When I started my business, I thought the trick would be to aspire to be the most well read, thoughtful and knowledgeable in my sector, but my emphasis  very quickly changed. People, for all the novelty factor, are not that interested in the tools. They want to know how to build bridges with their clients, referrers and those that are likely to scale their efforts.

Of course, I still offer the odd LinkedIn course, but what I am focused on is enabling you to make a difference to your practice, and something that, ideally, can be measured absent a sophisticated tool like Radian6 or Alterian.

This means focusing on:

1. Excellence

2. Creating remarkable content

3. Understanding the competitive landscape

4. Thinking about Brand You

5. Involving your marketing efforts with social media

6. Aligning your firm’s objectives with your social media efforts

7. Considering the platforms where your clients are likely to congregate

8. Making sure you focus on the execution and not the discussion

9. Developing a mindset that is open to change

10. Showing the importance of your website – if that is the place you have chosen to syndicate your content

If you think social media is about LinkedIn, Twitter or Facebook then you are deluded. Your clients couldn’t care less about these platforms. What they care about is how your service helps them.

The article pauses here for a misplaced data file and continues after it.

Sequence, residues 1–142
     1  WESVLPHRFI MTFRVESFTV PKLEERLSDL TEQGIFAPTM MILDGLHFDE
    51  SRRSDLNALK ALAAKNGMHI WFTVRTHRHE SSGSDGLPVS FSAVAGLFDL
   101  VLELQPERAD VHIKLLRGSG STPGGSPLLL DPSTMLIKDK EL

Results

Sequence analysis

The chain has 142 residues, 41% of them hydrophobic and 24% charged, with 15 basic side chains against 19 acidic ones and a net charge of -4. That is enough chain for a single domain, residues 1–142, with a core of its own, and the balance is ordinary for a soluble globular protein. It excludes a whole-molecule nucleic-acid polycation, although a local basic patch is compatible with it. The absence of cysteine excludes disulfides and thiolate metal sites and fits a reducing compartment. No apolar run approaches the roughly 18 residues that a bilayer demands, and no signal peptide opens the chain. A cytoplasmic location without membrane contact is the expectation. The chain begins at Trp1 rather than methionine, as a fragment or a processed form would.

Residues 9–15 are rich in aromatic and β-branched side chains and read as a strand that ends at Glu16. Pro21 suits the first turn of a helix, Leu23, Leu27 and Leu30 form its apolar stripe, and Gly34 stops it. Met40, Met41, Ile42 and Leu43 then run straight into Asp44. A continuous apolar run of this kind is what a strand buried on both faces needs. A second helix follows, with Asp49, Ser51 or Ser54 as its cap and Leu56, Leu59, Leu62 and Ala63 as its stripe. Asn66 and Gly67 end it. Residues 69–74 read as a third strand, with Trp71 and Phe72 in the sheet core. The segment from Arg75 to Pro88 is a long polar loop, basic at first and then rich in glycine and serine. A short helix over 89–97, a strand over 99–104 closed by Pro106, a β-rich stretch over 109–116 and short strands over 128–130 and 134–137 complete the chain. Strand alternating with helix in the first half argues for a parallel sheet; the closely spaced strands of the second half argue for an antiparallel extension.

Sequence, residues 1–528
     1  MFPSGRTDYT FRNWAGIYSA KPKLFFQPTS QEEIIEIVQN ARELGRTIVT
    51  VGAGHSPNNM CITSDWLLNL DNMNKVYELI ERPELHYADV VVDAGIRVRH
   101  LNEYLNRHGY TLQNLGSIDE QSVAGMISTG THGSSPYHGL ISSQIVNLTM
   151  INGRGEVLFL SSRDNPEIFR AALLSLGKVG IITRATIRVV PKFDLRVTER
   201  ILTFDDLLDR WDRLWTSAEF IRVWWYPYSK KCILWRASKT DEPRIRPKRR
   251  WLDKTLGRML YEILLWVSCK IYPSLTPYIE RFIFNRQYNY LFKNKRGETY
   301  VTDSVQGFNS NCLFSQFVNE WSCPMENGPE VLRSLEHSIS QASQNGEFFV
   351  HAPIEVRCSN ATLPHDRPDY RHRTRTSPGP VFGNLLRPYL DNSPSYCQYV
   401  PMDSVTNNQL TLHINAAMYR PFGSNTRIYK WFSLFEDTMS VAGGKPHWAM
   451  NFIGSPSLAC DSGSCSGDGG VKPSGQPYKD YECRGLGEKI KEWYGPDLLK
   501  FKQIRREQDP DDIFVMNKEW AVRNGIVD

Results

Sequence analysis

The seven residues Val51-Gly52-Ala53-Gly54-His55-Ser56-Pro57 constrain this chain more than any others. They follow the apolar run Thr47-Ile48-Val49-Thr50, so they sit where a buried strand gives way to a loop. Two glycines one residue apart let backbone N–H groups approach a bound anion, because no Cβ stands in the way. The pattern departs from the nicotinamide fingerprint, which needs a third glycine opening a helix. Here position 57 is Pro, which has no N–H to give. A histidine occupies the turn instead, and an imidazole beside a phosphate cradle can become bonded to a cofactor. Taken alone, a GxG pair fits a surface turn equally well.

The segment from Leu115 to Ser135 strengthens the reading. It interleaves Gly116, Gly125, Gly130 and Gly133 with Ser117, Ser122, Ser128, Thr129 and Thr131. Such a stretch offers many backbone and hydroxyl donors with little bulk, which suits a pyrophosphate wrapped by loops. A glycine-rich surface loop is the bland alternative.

Next time you hear someone talk about social media, you need to understand how the latest evolution of Twitter or LinkedIn is going to make a difference to your clients.

Meeting them.

Understanding their needs.

And offering a brilliant solution will count for more than any amount of Tweets.

All things being equal people do business with people they know, like and trust, and that is where you should focus. In my world, social media might help with the ‘know you’ but most clients will still want to meet you before they can make an informed decision to buy your services.

I am not about to turn my back on social media but next time someone tells me about this new, fantastic platform, I will simply ask them to show me the money. Who, or how many people, have built and sustained a remarkable business using that platform?

30 Responses to “Why social media is not about Social Media”

  1. Hi Julian,

    You’re right, it’s too easy to forget that social media is a tool (for businesses). It’s not a goal (unless your goal is to occupy social media)…